Dec 182014
 

Follow all our Best of 2014 coverage (along with previous year-end lists) here.

A few months ago, I read an interesting interview with an artist named Nouela. You probably haven’t heard of her, but you may have heard her music. She’s become a specialist in a weird but growing niche: covers recorded for movie and television trailers. Whether doing a piano “Sound of Silence” to promote a new HBO show or a brooding “Black Hole Sun” to promote Liam Neeson punching people, she’s found a quickly-growing way of getting her covers out there.

It struck me as part of a growing trend we’ve seen. More and more great covers seem to come from unexpected places. Sure, you’ve got still your standby sources, your b-sides, tribute albums, and radio shows. But new avenues for covers have increasingly crept in. This year saw a Sam Smith cover that is only available to hear under Grey’s Anatomy dialog (thankfully he’s recorded a few live versions too) and a whole covers album recorded to plug a Canadian TV show. Brands have fully embraced covers too, most recently My Morning Jacket’s “This Land Is Your Land” recorded for North Face ads, or Charli XCX and Bleachers trading covers for Kia.

We don’t care where they originated when we make our year-end lists, though, and we would up with some of everything. In our top five alone, we’ve got a live radio session, a deluxe-edition bonus track, and a cover hiding in plain sight on one of the most acclaimed country records of the year. You have to keep an eye on more places than ever to spot the best covers these days. Wherever they come from, we’re glad to have ’em.

Click on over to page two to begin our countdown, and thanks for reading.

– Ray Padgett, Editor in Chief
(Illustration by Sarah Parkinson)

Apr 022014
 

Under the Radar shines a light on lesser-known cover artists. If you’re not listening to these folks, you should. Catch up on past installments here.

When your share your name with a father who’s a member of the Country Music Hall of Fame… when you grew up living next door to George Jones and Tammy Wynette… when you have Shel Silverstein for a mentor… a life in the music business would seem preordained. That’s what Bobby Bare Jr. has made for himself, from duetting with his father in 1973 to selling t-shirts and working lights at concerts to becoming a full-time musician when he was about thirty. It’s been a hard life [the documentary Don’t Follow Me (I’m Lost) follows him and his band down the long road of touring], but it’s paying off. This year alone he stole the show at SXSW’s Lou Reed tribute with his take on “Oh! Sweet Nuthin’,” and he released his very first cover of a song of his father’s, “Shame On Me,” saying that he “figured after 8 of my own albums I can’t be accused of ‘coat tailing’ at this point.”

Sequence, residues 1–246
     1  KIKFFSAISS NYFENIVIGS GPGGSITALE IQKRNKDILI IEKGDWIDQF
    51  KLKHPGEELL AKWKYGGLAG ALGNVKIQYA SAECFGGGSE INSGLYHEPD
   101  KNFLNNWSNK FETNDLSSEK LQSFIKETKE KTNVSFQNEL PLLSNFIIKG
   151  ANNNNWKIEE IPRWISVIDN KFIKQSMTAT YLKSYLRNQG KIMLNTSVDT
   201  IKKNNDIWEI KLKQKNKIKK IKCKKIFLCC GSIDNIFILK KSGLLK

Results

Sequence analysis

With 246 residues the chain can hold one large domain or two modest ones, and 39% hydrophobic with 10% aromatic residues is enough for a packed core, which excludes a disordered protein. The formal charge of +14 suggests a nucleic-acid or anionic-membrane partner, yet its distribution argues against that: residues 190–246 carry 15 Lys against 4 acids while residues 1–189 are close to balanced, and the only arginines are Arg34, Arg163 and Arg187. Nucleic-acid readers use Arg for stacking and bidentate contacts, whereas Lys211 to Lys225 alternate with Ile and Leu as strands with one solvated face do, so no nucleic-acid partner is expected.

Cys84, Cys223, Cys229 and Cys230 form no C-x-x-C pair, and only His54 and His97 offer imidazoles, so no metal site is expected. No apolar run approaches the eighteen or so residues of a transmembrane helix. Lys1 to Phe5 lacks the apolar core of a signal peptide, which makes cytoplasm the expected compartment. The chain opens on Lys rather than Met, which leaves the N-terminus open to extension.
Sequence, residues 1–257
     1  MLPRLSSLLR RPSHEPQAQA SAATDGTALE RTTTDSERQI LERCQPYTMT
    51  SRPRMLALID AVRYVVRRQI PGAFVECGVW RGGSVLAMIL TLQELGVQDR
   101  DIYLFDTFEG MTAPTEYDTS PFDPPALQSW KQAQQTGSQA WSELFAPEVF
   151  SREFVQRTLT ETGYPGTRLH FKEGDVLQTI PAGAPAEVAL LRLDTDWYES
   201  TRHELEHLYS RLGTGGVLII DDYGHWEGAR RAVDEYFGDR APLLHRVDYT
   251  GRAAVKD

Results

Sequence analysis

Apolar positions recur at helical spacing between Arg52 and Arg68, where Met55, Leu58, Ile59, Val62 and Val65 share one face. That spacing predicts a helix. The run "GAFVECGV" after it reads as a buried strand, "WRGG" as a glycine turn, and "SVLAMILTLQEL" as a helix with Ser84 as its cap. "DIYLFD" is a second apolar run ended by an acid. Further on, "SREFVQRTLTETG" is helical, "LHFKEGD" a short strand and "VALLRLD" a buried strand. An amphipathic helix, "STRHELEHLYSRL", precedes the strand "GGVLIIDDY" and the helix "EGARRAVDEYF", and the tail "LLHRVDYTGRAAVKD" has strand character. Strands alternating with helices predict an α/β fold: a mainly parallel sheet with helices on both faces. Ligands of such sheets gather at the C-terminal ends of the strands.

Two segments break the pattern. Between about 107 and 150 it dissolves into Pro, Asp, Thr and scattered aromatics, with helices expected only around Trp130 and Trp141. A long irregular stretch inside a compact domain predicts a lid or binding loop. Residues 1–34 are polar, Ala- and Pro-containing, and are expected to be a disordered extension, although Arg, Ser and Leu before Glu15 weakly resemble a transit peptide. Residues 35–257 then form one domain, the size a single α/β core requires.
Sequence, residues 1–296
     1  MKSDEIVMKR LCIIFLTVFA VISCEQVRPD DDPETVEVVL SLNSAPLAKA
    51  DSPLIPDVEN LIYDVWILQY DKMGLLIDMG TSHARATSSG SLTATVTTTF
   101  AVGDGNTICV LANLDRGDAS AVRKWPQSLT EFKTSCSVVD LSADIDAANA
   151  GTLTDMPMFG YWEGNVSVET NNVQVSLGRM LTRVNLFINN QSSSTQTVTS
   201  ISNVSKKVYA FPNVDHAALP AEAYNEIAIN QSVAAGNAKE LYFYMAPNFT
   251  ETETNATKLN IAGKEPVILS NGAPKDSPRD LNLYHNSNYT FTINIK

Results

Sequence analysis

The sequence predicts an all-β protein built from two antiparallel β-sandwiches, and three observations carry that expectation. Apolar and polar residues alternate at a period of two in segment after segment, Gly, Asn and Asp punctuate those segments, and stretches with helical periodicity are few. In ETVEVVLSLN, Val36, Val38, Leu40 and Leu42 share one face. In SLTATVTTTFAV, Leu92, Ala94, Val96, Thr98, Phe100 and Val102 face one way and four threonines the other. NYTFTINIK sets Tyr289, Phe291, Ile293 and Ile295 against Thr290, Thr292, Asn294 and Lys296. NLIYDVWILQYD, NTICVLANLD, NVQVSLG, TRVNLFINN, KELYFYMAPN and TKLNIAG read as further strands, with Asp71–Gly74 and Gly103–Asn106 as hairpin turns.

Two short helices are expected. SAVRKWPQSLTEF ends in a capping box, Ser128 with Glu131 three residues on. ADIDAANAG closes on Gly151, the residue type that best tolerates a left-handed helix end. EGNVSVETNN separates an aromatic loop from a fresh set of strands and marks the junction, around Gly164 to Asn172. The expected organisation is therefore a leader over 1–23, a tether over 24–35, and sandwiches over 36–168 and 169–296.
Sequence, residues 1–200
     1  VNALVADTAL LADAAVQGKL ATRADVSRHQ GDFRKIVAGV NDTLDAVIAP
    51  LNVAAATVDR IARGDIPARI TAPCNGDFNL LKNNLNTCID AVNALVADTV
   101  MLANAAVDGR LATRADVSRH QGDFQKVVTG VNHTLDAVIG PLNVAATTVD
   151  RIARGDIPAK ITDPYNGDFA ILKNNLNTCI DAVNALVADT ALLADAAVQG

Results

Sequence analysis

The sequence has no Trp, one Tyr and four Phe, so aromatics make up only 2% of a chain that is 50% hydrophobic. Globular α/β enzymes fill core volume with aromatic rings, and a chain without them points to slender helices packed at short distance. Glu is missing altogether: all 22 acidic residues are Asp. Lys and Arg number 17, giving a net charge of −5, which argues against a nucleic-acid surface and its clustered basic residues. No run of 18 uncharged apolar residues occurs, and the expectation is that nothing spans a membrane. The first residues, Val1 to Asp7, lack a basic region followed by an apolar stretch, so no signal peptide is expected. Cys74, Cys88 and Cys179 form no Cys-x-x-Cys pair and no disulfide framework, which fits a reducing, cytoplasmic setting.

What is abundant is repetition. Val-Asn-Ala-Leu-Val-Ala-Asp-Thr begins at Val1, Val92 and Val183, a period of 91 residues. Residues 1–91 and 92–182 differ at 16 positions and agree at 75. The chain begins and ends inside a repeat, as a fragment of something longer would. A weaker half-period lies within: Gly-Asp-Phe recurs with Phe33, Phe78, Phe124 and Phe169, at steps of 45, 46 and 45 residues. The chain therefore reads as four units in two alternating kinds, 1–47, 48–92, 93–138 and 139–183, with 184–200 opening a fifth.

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Mar 172014
 

The last time we mentioned Twin Shadow aka George Lewis, Jr., he was performing Lou Reed’s “Perfect Day” just one day after Reed’s death. He did it well enough for it to be named one of Cover Me’s favorite songs of 2013. Now he’s back and performing another throwback in the form of The Smiths‘ “There is a Light That Never Goes Out” for his monthly UNDER THE CVRS series. Continue reading »

Nov 152013
 

When Matthew Sweet and Susanna Hoffs recorded their first Under the Covers collaboration, they were surprised that it was released with the subtitle “Vol. 1.” Whatever genius at the Shout! Factory label chose to do that deserves a raise and a promotion, as it led Sweet and Hoffs to record two more volumes. Where Volume 1 consisted of songs based in the ’60s, and Volume 2 was made up of ’70s songs, Volume 3, released this week, is all about the ’80s, the decade when Hoffs came of age as a musician and Sweet wasn’t far behind.
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Sep 182013
 

Five Good Covers presents five cross-genre reinterpretations of an oft-covered song.

Years ago, we said that the Smiths’ “There Is a Light That Never Goes Out” might be a good candidate for the Five Good Covers department. Today, finally, we’re following through. Partly to atone for the delay, and partly because of the ridiculously high number of quality covers out there, we’re throwing in an extra three covers this time. Think of them as bonus tracks of what’s arguably the quintessential Smiths song.
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Mar 282013
 

Just because Morrissey just cancelled a slew of shows due to illness doesn’t mean you can’t get your daily Moz fix in a different way. Ballerina Black, a band that describes its sound as “Driving Mope-Rock” and “Grave-Wave,” covered “The Queen Is Dead,” from The Smiths‘ eponymous album, and we think Morrissey would be pleased with it (or whatever Morrissey’s equivalent of being pleased is.) Continue reading »